Gov. Jerry Brown’s public approval rating has surged to a new high, and he is the overwhelming early favorite to win re-election next year, according to a new Field Poll.
Nearly six in 10 registered voters – 58 percent – approve of the job Brown is doing, up seven percentage points from July, according to the poll. Brown leads his closest Republican challengers, former Lt. Gov. Abel Maldonado and Twin Peaks Assemblyman Tim Donnelly, by more than 40 percentage points.
“It’s overwhelming,” said Mark DiCamillo, director of the poll. “Voters may be satisfied enough with Jerry Brown that they never seriously entertain any of the challengers. At least that’s what it’s looking like at this stage.”
Brown has not yet said if he will seek a fourth term, but he is raising money for the effort and is widely expected to run. The poll comes six months before a June primary in which the top two vote-getters will advance to a November runoff regardless of political party.
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In a potential contest between Brown and three Republicans – Maldonado, Donnelly and former U.S. Treasury Department official Neel Kashkari – Brown leads with 52 percent support among registered voters, according to the poll. Maldonado and Donnelly trail with 11 percent and 9 percent, respectively.
Kashkari, who is laying the groundwork for a campaign but has not yet said if he will run, polls last at 3 percent, with 25 percent of registered voters undecided.
Brown leads the field by wide margins among both Democrats and independent voters, as well as across regions, genders, and age and ethnic groups.
“It’s such a dominant position up and down the line,” DiCamillo said. “It’s hard to find a segment that is not, at this stage, supporting Brown more than the others.”
Among registered Republicans, 21 percent favor Maldonado and 20 percent favor Donnelly, according to the poll. Seventeen percent of Republicans favor Brown.
Brown’s public approval rating is the highest of his third term, though it remains lower than in the 1970s, early in his previous tenure as governor. His sustaining popularity is in part a reflection of California’s heavily Democratic electorate, with a majority of Democrats approving of the governor and a majority of Republicans disapproving.
Among independents, 58 percent of voters approve of the job Brown is doing, while 33 percent disapprove, according to the poll.
“I’m a far-left Democrat, and he’s a Democrat, so he’s got a plus there,” said David Allen, a retired Spanish professor who was among voters surveyed.
The 85-year-old from Davis said Brown, a former Jesuit seminarian, “has always been ... good at looking at the philosophy of things.”
Brown has less abstract advantages heading into a re-election year. He has raised more than $14 million for the campaign, while Maldonado and Donnelly have both struggled to collect even a fraction of that amount. After finishing the first half of the year in debt, Maldonado has reported raising about $150,000 since July, while Donnelly has reported raising about $123,000.
Insufficient funding could be debilitating for candidates still unknown to much of the electorate. In the earliest stages of the campaign, 62 percent of voters say they have no opinion of Maldonado, while 80 percent have no opinion of Donnelly, according to the poll. Eighty-three percent of voters say they have no opinion of Kashkari.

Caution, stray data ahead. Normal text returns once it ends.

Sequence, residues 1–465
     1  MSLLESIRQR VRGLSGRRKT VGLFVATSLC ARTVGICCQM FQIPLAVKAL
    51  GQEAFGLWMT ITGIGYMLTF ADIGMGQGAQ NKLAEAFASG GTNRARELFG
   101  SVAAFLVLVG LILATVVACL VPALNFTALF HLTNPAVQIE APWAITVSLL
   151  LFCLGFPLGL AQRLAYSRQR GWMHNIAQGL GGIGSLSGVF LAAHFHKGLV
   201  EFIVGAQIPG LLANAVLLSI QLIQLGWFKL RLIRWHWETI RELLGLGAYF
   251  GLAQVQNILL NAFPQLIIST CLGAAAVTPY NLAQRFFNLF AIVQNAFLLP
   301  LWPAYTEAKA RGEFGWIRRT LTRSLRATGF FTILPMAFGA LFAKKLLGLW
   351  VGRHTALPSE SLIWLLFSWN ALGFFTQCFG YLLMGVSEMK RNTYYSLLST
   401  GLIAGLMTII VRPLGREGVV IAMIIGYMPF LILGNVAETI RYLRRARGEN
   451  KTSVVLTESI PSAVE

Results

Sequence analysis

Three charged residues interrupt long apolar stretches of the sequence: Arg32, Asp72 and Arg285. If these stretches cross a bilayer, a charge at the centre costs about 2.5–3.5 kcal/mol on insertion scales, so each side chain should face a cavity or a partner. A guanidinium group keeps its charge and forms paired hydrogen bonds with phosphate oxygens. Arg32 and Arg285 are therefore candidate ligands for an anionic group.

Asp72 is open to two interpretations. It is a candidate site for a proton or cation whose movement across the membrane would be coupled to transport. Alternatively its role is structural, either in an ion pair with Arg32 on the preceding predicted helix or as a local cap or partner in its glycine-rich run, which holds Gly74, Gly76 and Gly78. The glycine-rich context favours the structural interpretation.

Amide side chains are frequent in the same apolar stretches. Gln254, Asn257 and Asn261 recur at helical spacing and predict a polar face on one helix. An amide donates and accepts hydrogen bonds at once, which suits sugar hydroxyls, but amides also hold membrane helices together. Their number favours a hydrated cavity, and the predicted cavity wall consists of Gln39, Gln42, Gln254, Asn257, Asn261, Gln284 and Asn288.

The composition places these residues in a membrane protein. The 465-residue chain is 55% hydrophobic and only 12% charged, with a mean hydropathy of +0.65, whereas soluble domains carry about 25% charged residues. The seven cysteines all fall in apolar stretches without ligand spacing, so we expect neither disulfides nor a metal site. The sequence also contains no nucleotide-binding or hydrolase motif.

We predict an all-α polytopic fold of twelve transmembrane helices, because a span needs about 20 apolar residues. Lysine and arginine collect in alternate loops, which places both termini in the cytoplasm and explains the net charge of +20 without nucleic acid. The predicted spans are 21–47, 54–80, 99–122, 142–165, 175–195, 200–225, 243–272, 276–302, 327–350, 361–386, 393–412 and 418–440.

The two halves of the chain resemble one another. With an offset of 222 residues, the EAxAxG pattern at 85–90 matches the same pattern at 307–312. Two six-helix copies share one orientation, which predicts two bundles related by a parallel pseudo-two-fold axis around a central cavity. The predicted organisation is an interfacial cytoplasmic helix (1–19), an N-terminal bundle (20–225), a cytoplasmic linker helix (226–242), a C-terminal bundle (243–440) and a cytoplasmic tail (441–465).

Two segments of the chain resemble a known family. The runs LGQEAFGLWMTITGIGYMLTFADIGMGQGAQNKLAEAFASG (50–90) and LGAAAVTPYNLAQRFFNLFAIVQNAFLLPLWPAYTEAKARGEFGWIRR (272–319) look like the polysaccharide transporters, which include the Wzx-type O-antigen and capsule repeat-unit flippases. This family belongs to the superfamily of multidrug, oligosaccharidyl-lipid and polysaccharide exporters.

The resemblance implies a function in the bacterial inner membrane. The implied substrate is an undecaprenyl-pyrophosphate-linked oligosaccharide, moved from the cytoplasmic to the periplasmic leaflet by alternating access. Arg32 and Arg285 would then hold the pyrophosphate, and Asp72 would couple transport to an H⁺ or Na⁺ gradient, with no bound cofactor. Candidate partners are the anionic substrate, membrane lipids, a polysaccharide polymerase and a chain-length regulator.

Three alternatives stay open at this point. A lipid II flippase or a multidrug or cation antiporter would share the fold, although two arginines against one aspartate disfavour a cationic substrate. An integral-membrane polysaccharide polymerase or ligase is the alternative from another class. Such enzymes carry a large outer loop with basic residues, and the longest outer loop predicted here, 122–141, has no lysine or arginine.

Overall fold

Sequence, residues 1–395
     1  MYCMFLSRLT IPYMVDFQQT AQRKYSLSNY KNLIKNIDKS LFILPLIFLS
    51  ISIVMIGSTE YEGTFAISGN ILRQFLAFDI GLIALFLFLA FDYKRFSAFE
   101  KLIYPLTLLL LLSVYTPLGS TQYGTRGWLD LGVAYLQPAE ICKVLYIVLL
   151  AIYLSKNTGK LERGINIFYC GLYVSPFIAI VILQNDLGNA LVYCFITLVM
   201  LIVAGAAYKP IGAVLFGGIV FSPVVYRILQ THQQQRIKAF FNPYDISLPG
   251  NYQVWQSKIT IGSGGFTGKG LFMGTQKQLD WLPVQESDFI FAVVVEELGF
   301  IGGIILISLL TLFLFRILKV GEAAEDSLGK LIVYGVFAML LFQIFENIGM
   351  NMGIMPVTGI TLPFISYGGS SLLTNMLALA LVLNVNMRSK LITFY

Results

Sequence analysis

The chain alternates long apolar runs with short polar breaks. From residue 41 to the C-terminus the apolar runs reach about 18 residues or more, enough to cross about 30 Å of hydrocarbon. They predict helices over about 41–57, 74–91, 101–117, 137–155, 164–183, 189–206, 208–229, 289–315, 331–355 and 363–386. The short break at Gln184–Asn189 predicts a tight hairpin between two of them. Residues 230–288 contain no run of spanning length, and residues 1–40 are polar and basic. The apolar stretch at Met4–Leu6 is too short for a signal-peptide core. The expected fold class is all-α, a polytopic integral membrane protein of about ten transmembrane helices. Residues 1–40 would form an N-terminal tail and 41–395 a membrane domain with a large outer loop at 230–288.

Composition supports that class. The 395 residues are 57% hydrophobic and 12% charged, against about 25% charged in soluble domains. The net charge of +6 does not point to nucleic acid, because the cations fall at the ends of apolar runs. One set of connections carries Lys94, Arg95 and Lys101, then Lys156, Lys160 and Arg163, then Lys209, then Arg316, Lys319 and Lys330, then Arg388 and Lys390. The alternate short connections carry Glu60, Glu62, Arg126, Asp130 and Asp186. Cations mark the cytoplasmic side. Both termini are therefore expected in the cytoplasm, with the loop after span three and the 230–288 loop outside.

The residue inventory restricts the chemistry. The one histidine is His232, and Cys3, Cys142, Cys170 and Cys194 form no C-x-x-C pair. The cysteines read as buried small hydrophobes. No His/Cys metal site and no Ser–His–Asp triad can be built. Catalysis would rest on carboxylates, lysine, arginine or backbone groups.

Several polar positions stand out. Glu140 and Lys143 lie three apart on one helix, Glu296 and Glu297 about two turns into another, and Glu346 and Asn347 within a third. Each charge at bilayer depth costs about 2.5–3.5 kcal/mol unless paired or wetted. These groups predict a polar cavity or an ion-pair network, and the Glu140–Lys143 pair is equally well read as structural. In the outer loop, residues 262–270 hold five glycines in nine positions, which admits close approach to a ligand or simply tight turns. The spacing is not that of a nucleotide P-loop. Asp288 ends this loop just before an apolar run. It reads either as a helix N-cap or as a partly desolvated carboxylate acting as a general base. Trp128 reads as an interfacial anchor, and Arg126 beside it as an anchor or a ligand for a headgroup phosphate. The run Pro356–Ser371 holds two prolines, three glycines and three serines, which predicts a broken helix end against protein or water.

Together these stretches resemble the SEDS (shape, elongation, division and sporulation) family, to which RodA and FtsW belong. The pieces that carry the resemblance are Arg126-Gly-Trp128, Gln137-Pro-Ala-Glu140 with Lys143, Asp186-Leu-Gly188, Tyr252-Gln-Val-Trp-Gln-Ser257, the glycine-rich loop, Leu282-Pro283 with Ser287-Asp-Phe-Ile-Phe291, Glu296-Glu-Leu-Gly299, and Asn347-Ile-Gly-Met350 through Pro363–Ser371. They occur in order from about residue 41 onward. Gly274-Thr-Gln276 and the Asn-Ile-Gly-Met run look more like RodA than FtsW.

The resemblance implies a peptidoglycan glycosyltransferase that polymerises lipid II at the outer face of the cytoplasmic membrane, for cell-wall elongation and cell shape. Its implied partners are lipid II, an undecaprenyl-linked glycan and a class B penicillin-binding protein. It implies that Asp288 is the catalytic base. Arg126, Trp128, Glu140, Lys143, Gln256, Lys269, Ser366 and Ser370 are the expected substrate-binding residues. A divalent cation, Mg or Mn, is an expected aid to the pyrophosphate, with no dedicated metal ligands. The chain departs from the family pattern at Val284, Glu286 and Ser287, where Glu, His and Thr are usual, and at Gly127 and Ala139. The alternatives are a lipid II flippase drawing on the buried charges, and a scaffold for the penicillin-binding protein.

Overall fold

“The names are somewhat familiar, but I just couldn’t give you an opinion at this point,” said Clayton Bukovics, a Republican who lives in Foresthill and works for an agricultural tire manufacturer.
Bukovics, 52, fears Brown will keep his office for another four years. Despite his frustration with the governor, Bukovics said, “There’s not enough people pissed off.”
Maldonado, a farmer from Santa Maria, is coming off back-to-back campaign losses, first to keep his appointed post as lieutenant governor in 2010 and then for a seat in Congress in 2012. Donnelly is the Legislature’s most outspoken gun-rights and anti-illegal immigration advocate, while Kashkari played a central role in implementing the $700 billion bank bailout known as the Troubled Asset Relief Program during President George W. Bush's administration.
The poll comes amid an improving economy and state budget outlook. The Legislature’s fiscal analyst last month projected the state will have a $5.6 billion surplus by June 2015.
The forecast does not account for tens of billions of dollars in unfunded state retirement and health care obligations, and Brown’s Republican challengers have seized on those liabilities and on the state’s high poverty rate to criticize Brown. The U.S. Census Bureau reported last month that 23.8 percent of Californians live in poverty under a calculation that accounts for the state’s cost of living.
Michael Grebitus, a Republican from Roseville, attributed Brown’s popularity to the political makeup of the electorate, but also to what he said is a lack of focus on California by national news broadcasts fixated on the East Coast, including dysfunction in Washington.
“I think the nation’s problems overshadow California’s problems,” the 30-year-old financial adviser said.
Brown’s public approval rating among likely voters measured lower, at 49 percent, in a separate poll released by the Public Policy Institute of California on Wednesday. Like the Field Poll, however, PPIC showed Brown far ahead of his Republican challengers. The poll put Brown’s standing in the primary election at 46 percent, trailed by Donnelly at 16 percent and Maldonado at 7 percent. The PPIC survey did not include Kashkari.
Nathan Hamel, an architectural draftsman from Stockton, said his own business has remained “kind of slow” coming out of the recession but that the economy overall appears to be improving. The 29-year-old Democrat said he will likely vote for Brown next year.
“I don’t follow politics that closely,” he said, “but everything seems to be going pretty well.”